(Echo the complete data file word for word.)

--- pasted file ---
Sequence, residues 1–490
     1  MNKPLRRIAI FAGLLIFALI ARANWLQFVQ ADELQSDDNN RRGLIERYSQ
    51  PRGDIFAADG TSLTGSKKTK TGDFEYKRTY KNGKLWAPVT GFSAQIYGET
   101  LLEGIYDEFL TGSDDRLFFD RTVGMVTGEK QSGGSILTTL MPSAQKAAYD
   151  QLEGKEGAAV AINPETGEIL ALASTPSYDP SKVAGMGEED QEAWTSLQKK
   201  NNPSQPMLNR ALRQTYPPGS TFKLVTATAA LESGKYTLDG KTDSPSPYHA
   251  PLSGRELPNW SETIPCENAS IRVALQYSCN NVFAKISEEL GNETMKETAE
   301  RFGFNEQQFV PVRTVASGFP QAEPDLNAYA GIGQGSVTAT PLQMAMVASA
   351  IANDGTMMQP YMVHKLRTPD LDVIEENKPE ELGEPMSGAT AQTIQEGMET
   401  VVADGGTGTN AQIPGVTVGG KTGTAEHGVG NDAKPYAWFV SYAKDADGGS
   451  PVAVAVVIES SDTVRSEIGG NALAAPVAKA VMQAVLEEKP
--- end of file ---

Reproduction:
Sequence, residues 1–490
     1  MNKPLRRIAI FAGLLIFALI ARANWLQFVQ ADELQSDDNN RRGLIERYSQ
    51  PRGDIFAADG TSLTGSKKTK TGDFEYKRTY KNGKLWAPVT GFSAQIYGET
   101  LLEGIYDEFL TGSDDRLFFD RTVGMVTGEK QSGGSILTTL MPSAQKAAYD
   151  QLEGKEGAAV AINPETGEIL ALASTPSYDP SKVAGMGEED QEAWTSLQKK
   201  NNPSQPMLNR ALRQTYPPGS TFKLVTATAA LESGKYTLDG KTDSPSPYHA
   251  PLSGRELPNW SETIPCENAS IRVALQYSCN NVFAKISEEL GNETMKETAE
   301  RFGFNEQQFV PVRTVASGFP QAEPDLNAYA GIGQGSVTAT PLQMAMVASA
   351  IANDGTMMQP YMVHKLRTPD LDVIEENKPE ELGEPMSGAT AQTIQEGMET
   401  VVADGGTGTN AQIPGVTVGG KTGTAEHGVG NDAKPYAWFV SYAKDADGGS
   451  PVAVAVVIES SDTVRSEIGG NALAAPVAKA VMQAVLEEKP